• Module: any system or system-like representation that is loaded externally, and controls a specific system and/or certain types of components.
  • Component: any self-contained unit of code that is used to make up an entity. Entities are made up of many components ranging from 3d models, to sound effects, and even physics objects. They are extremely encapsulated, and they are never transferred beyond the barrier of the module.
  • Entity: the basic game object. All things inside the game that the player can interact with in some way is an entity. Entity are just a position, rotation, and scale structure to describe the root of the components that are linked to that entity. Entities also have a unique id used to link the components that make up that entity inside each module.
    Those 3 things make up the core idea for the engine I (and another classmate) are currently working on. The concept is simple: create a different style of game engine that is modern, clean and encapsulated, and can be added to very easily.

    The high-level design of the engine provides a generic interface through which all modules are accessed.

    #pragma once
    Author: Adam Martin
    Date: July 20 2011
    Description ModuleInterface class used as a common base for all modules.

    // Standard Includes

    // Library Includes

    // Local Includes

    // Forward Declarations
    class GlobalProperties;
    class ComponentInterface;
    class MessageRouter;
    class Envelope;
    class EntityManager;
    struct Entity;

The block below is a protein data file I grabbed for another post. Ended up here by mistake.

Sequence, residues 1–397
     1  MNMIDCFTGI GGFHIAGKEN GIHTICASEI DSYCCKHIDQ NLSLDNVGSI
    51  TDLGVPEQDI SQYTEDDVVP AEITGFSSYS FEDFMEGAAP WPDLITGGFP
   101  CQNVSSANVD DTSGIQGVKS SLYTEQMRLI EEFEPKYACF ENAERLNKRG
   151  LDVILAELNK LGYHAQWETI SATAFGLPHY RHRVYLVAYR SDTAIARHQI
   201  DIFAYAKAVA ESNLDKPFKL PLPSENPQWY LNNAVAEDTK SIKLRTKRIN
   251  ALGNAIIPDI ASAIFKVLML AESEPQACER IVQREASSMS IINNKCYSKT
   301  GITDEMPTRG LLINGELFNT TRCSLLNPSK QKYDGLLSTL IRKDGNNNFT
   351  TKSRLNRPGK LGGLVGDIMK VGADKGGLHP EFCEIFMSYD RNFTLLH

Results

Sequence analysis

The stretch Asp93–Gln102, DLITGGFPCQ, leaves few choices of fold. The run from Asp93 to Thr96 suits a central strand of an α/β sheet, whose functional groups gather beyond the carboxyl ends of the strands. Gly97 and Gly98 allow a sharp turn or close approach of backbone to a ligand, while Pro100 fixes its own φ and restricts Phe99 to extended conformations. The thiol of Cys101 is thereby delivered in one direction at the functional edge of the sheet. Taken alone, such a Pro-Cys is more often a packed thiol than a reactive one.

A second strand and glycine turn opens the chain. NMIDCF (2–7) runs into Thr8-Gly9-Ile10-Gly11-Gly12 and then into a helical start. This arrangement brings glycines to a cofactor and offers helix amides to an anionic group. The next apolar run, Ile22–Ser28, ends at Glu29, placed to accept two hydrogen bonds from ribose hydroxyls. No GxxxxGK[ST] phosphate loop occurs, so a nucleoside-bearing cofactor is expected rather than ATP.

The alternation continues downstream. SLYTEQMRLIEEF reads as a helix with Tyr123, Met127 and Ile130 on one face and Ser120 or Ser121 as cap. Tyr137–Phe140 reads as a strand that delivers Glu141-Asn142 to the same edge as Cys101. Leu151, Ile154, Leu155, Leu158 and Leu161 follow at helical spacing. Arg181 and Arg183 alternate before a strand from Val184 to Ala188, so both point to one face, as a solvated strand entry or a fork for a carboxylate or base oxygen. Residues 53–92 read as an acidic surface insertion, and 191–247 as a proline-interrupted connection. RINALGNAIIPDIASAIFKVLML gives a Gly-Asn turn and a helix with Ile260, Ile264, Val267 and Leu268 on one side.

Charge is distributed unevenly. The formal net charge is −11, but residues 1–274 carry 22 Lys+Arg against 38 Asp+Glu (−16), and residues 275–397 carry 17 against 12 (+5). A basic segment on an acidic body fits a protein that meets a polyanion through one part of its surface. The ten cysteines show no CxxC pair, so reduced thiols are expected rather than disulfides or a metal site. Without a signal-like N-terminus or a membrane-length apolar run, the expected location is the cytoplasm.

// Typedefs

    class ModuleInterface { // All systems derive from this
    ModuleInterface() : { };
    ~ModuleInterface(void) { }

    virtual void Update(double dt) = 0; // Called each game update with change in time (dt) in milliseconds since last update
    virtual void CreateComponent(std::string type, std::map< std::string, boost::any > &attributes, Entity* e) = 0; // Called to create a component of type (type), with the set of attributes (attributes), and with parent entity (e)

    double deltaAccumulator; // Accumulator for the change in time between each call to update
    std::map< int, ComponentInterface* > components; // Map components with a given Entity ID

    Of course this isn't very useful on its own, so a few other class pointers are include to provide some communication and basic global data sharing. *Note the forward declarations were left in the original code block for the following.

    The constructor becomes:
    ModuleInterface(GlobalProperties* gprops, MessageRouter* msgrouter, EntityManager* emgr = nullptr) : msgrouter(msgrouter), gprops(gprops), emgr(emgr) { };

    The actual message handling function:
    virtual void Message(Envelope* e) = 0; // Handle message ID (msg). Messages are such as mouse click, keyboard, or os events. Envelope is a container to store the arguments of the message.
    Some additional member variables:

    MessageRouter* msgrouter;
    GlobalProperties* gprops;
    EntityManager* emgr;

    The code for the engine code named NLS Engine (as the in Next Logical Step in engine development) is online and open sourced here NLS Engine on Bitbucket

Sign in to follow this  
Followers 0


There are no comments to display.

Create an account or sign in to comment

You need to be a member in order to leave a comment

Create an account

Sign up for a new account in our community. It's easy!

Register a new account

Sign in

Already have an account? Sign in here.

Sign In Now